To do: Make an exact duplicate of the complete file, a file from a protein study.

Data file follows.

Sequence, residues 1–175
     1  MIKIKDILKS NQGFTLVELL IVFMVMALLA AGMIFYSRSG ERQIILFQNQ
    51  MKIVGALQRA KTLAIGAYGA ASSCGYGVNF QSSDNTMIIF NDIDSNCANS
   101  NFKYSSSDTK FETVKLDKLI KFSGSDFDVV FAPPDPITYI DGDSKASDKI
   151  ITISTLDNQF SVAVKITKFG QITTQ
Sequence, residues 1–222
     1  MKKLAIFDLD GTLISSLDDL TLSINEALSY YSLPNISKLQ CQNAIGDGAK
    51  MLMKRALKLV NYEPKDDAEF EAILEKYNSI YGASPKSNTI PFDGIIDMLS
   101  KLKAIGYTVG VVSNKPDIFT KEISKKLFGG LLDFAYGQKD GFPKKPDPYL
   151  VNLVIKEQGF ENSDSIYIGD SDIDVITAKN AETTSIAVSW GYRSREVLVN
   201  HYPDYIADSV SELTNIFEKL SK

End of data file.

Sequence, residues 1–175
     1  MIKIKDILKS NQGFTLVELL IVFMVMALLA AGMIFYSRSG ERQIILFQNQ
    51  MKIVGALQRA KTLAIGAYGA ASSCGYGVNF QSSDNTMIIF NDIDSNCANS
   101  NFKYSSSDTK FETVKLDKLI KFSGSDFDVV FAPPDPITYI DGDSKASDKI
   151  ITISTLDNQF SVAVKITKFG QITTQ
Sequence, residues 1–222
     1  MKKLAIFDLD GTLISSLDDL TLSINEALSY YSLPNISKLQ CQNAIGDGAK
    51  MLMKRALKLV NYEPKDDAEF EAILEKYNSI YGASPKSNTI PFDGIIDMLS
   101  KLKAIGYTVG VVSNKPDIFT KEISKKLFGG LLDFAYGQKD GFPKKPDPYL
   151  VNLVIKEQGF ENSDSIYIGD SDIDVITAKN AETTSIAVSW GYRSREVLVN
   201  HYPDYIADSV SELTNIFEKL SK